ISLAMABAD: Former prime minister Nawaz Sharif has rejected Monday’s statement of the National Security Council (NSC) which had condemned the former premier’s controversial remarks on the 2008 Mumbai attacks.
The NSC, which met under the chair of Prime Minister Shahid Khaqan Abbasi, had termed Nawaz’s statement “incorrect and misleading”.
“The participants [of the NSC] observed that it was very unfortunate that the opinion arising out of either misconceptions or grievances was being presented in disregard of concrete facts and realities,” a statement issued by the PM Office had said.
Following the NSC statement, Abbasi had clarified at a press conference that Nawaz’s remarks were misquoted in the media.
Talking to reporters today at the accountability court hearing corruption cases against him and his family, Nawaz said the NSC statement is worrisome and frightening, adding that it is based on misunderstandings.
The three-time premier claimed Pakistan has become isolated in the world and wondered if any country is standing with Pakistan today.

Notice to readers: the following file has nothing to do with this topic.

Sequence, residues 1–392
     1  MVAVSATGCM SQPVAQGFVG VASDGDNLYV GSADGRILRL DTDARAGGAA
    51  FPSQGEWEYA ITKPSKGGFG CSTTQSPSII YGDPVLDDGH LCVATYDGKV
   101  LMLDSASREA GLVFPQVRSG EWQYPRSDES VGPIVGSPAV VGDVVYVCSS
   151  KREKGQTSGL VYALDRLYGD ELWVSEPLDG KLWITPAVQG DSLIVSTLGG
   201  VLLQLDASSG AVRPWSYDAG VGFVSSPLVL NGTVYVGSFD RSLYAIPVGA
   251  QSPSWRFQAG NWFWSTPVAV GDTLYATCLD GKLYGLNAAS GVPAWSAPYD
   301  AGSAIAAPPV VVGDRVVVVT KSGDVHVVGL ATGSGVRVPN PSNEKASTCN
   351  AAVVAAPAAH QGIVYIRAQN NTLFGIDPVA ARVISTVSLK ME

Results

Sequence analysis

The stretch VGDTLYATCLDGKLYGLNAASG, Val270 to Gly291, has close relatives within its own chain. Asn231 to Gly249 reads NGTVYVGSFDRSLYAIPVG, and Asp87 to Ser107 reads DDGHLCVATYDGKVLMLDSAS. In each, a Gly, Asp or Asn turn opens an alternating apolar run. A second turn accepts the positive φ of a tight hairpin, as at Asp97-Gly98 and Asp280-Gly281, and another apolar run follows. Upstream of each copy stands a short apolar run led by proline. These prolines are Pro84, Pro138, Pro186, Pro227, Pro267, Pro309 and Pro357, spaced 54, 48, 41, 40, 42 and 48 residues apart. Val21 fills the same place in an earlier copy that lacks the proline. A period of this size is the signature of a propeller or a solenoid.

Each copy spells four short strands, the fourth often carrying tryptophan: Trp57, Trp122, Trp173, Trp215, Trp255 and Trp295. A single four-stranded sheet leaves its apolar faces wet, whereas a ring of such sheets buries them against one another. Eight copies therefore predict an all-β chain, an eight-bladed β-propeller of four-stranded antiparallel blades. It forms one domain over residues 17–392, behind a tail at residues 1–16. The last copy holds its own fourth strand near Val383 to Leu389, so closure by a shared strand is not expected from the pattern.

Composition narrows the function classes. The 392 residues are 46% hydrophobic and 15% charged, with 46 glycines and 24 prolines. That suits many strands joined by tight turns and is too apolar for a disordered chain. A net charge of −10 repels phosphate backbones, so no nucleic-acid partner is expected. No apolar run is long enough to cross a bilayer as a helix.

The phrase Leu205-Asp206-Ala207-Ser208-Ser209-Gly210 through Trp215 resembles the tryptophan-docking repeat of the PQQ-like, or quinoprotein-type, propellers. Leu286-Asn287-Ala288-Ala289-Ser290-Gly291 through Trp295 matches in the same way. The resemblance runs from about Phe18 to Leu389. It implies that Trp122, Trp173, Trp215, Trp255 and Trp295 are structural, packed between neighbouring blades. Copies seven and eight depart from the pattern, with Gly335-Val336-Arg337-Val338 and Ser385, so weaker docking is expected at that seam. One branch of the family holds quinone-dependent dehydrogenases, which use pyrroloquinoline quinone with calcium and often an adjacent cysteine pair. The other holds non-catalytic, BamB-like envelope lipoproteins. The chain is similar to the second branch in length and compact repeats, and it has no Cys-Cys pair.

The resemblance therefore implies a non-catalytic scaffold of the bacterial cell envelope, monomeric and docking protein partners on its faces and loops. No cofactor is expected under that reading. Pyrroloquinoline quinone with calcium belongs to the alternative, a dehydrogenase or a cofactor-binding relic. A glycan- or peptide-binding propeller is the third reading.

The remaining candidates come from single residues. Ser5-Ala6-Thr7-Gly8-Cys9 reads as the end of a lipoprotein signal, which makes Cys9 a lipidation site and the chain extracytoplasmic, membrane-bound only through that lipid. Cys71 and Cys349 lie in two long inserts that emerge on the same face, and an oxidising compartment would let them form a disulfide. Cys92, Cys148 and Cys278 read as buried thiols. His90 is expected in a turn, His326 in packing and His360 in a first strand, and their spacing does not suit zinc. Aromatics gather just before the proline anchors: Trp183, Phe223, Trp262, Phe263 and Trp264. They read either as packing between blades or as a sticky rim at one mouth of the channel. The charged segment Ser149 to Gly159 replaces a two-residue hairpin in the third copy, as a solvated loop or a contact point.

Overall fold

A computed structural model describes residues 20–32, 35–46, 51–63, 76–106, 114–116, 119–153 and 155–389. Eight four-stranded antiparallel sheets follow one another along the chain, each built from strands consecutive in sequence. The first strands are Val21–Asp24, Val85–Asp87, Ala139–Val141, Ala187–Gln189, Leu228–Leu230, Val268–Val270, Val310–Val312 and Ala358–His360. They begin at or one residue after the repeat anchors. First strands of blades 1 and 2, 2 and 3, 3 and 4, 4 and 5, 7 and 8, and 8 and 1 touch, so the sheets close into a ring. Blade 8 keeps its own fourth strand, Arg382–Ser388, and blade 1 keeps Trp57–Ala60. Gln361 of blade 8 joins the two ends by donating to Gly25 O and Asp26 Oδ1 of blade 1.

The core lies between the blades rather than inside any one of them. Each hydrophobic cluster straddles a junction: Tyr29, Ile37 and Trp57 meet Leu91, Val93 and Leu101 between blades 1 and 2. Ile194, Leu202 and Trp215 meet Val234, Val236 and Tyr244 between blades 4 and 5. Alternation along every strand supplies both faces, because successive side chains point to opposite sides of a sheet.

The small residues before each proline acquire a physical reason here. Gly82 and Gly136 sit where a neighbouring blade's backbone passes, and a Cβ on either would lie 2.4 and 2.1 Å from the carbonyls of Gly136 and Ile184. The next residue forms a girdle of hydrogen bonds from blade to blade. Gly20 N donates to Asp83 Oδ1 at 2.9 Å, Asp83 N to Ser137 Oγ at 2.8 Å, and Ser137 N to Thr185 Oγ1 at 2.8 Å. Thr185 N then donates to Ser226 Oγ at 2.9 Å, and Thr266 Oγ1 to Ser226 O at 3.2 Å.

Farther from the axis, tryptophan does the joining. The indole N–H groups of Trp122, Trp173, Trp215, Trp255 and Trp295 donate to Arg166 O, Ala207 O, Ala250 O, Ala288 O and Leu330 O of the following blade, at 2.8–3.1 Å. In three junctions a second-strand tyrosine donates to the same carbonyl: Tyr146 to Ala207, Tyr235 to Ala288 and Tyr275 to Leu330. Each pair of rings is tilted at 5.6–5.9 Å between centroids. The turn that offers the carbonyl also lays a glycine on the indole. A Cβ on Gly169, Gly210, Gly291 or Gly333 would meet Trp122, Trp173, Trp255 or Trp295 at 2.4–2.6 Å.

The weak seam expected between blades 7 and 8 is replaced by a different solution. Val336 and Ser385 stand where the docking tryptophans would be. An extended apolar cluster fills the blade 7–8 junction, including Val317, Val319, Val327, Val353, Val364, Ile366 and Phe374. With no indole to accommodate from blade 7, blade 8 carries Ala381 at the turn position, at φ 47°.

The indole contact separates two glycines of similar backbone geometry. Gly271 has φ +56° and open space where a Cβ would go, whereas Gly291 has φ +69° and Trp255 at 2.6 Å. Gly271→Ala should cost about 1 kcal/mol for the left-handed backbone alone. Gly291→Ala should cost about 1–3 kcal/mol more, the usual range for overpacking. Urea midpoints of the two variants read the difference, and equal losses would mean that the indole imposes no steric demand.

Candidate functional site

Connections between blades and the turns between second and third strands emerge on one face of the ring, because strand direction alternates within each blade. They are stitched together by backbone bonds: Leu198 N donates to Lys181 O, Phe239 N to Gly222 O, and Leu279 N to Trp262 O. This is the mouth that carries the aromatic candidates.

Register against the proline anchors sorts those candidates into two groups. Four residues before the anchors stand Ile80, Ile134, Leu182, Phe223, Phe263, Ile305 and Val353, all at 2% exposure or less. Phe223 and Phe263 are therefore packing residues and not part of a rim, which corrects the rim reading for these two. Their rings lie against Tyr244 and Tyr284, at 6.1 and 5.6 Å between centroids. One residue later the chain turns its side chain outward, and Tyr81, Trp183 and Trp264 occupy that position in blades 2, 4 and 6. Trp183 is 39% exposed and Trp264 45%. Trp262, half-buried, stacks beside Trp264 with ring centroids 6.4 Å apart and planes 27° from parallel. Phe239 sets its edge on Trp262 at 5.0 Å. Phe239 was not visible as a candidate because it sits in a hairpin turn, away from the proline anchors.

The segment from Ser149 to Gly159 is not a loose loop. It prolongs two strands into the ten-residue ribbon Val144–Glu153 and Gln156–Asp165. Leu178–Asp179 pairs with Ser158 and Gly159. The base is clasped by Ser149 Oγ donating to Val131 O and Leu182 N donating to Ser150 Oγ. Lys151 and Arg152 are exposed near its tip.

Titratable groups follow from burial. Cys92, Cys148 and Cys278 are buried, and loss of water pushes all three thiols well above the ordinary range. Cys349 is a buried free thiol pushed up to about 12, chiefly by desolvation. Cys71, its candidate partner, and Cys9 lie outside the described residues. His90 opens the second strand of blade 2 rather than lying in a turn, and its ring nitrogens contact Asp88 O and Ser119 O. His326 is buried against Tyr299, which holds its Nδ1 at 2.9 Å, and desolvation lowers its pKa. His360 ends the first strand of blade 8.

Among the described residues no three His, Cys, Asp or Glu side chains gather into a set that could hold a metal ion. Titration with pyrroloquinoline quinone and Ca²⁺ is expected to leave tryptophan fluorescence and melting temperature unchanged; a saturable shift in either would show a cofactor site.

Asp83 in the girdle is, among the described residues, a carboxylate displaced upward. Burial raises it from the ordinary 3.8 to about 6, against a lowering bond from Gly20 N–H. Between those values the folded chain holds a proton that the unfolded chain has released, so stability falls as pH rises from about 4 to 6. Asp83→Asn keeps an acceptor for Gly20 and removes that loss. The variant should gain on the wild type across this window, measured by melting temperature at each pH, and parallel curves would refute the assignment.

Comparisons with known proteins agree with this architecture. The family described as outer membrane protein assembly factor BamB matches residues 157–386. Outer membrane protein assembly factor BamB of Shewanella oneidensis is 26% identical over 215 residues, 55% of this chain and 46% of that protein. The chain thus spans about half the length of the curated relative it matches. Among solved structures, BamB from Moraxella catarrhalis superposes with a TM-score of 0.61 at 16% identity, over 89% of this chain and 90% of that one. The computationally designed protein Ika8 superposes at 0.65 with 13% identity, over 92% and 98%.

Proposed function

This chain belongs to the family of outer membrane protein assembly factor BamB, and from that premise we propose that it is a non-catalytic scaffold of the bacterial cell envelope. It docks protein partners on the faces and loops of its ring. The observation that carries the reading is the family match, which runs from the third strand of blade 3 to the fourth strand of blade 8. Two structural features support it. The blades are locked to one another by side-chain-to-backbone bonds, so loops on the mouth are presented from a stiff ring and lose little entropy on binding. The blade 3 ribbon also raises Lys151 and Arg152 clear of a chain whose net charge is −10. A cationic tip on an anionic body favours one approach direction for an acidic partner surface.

He said further that former foreign minister Khawaja Asif should be asked what the world said about Pakistan when he used to go abroad to represent the country.
Talking about the ‘Dawn Leaks’ saga in 2016, Nawaz said at the time, national security leaders had talked about putting our own house in order, but the issue was turned into ‘Dawn Leaks’. “However, that was a fact,” he asserted.
Nawaz also reiterated his demand for the formation of a national commission to separate fact from fiction.
The former premier had made the call at a party rally in Buner Monday night, saying the guilty party, be it him for treason or those levelling allegations against him, should be publicly hanged following the commission’s verdict.
Nawaz, in an interview to Dawn newspaper published on May 12, had said, “Militant organisations are active. Call them non-state actors, should we allow them to cross the border and kill 150 people in Mumbai? Explain it to me. Why can’t we complete the trial?”
His remarks were wrongfully played up by the Indian media as an admission of Pakistan’s involvement in the terrorist attacks and also led to criticism from opposition political parties in Pakistan and the local media.
Following the statement, the Pakistan Muslim League-Nawaz, led by Nawaz’s brother Shehbaz Sharif, had stated that the Indian media had misreported the statement.
“Unfortunately, a section of Pakistani electronic and social media has intentionally or unintentionally not only validated but has lent credence to the malicious propaganda of Indian media without going through the full facts of the statement,” a party spokesperson had said.